They might not live freely, but they could speak freely, unlike the peasants of England and France whose lords had every right, in custom and law, to ride rough-shod and hawk and hunt over peasants' land without let or hindrance ... This persuades me that the common people enjoyed some of the freedom mentioned in the Declaration of Arbroath ... Free speech ... is essential to great literature, which withers if confined to a single class of society. Since English literature clearly shows this I will give a quick sketch-map of it for comparison with the Scottish achievement (p. 18).

Gray then proceeds to map out the history of English literature, claiming that 'Great writing there stopped when free speech stopped', in contrast with Scotland, where 'Sir David Lindsay's Ane Pleasant Satyre of the Thrie Estatis was publicly performed before the Scottish king, lords and commons'. This provokes a further interruption:

Publisher: Listen, this is all very interesting, but is it telling the readers why the Scots should rule Scotland?

Author: Yes! It shows that a poor government need not stop a small independent country having a rich culture, and that a wealthy government does not always help the culture of a large one (pp. 18-20).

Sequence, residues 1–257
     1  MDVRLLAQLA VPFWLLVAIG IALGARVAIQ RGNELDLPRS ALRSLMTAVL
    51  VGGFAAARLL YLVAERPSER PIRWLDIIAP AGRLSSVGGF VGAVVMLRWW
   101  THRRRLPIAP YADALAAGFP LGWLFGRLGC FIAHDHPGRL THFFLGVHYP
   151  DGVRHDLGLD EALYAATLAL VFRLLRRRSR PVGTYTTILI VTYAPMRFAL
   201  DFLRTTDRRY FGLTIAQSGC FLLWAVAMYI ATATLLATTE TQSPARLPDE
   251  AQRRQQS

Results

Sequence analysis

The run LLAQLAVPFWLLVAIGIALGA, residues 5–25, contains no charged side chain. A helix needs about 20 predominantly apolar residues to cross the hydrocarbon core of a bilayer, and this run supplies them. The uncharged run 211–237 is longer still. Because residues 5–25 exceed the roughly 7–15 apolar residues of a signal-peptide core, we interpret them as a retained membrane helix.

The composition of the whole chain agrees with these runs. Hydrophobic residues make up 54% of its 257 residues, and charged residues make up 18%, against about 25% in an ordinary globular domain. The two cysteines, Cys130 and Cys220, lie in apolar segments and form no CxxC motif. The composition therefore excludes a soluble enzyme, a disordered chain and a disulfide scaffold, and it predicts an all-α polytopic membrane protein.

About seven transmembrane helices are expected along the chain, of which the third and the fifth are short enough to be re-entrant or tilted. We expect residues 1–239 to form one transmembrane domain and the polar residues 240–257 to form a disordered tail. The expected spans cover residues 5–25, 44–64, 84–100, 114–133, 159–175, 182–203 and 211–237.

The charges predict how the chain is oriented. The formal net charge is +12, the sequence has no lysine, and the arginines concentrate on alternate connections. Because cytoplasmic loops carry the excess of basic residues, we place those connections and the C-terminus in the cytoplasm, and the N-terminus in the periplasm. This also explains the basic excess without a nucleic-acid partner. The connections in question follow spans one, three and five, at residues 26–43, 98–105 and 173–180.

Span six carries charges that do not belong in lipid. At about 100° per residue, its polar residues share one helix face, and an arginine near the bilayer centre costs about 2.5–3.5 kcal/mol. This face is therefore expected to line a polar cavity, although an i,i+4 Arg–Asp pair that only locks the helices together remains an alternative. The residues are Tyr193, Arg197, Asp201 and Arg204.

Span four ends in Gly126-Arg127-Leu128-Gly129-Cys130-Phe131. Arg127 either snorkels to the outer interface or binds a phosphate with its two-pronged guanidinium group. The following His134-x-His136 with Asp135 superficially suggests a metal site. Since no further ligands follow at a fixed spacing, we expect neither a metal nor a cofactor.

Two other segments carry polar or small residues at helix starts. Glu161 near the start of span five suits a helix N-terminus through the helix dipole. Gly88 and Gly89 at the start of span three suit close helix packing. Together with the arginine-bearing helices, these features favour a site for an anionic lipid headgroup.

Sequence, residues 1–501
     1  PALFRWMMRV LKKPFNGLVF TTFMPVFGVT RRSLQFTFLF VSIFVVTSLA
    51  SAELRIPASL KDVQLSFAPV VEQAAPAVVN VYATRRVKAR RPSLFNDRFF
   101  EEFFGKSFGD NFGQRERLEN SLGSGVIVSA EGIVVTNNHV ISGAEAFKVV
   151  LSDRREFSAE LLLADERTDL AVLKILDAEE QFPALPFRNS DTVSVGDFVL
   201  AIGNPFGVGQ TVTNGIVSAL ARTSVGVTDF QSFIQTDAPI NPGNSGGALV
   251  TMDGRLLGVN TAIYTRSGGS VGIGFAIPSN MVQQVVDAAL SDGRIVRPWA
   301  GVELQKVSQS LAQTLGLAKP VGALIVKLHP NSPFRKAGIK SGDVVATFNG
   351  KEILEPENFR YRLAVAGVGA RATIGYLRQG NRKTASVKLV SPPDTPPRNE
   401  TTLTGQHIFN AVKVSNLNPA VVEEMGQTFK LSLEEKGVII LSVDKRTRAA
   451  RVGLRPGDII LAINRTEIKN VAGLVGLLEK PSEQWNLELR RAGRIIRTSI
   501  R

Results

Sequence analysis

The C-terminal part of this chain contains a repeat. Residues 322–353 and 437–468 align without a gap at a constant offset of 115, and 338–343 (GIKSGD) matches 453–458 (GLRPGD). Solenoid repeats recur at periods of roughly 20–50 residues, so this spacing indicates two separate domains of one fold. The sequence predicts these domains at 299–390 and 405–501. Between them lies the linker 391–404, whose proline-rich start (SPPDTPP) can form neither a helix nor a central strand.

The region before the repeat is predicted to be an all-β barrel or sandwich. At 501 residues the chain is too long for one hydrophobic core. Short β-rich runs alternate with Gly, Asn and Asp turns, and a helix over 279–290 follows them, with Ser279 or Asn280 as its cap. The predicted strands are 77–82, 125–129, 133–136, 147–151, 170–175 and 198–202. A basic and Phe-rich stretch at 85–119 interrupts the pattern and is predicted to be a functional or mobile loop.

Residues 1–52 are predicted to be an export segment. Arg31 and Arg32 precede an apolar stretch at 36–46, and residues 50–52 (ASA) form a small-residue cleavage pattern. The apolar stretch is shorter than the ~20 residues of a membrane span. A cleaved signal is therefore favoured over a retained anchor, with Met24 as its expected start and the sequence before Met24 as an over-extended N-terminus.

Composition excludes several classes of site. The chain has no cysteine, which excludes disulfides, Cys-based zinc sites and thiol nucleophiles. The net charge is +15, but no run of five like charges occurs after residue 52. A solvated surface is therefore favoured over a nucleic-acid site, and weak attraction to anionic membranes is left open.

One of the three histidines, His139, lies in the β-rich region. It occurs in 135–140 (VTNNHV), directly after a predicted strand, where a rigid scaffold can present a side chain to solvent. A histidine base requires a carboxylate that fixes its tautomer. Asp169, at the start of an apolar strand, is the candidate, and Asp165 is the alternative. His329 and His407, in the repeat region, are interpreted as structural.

Gray's concentrated style allows him to allude parenthetically to Elizabeth Windsor as 'Elizabeth I of Britain', in what is both an incredible piece of historical condensation and a brilliant piece of polemic. Less impressive is this remark on her namesake:

For forty-five years Queen Elizabeth had reigned in England and kept herself and her country free of political entanglements by not marrying - she enjoyed flirtation but was a resolute virgin (p. 29; my emphasis).

Gray reminds us that John Knox, Scotland's most notable Protestant reformer, was a 'former priest', and describes him as 'a great public speaker of the Hitler sort':

Queen Elizabeth of England disliked John Knox because he declared that female government was an abomination stinking in the nostrils of God. She financed and supported him in Scotland because he would destroy its links with France by destroying the Catholic Church there (p. 25).

Recognition of the role of 'international politics' in the Scottish Reformation led Knox's opponents at home to declare that 'he was no true Scotsman and even wrote in a language like his English masters' (p. 25). Of course, a different kind of international politics, another internationalism, would have taken issue with Gray's initial exclusion of Scots living and not voting outside Scotland.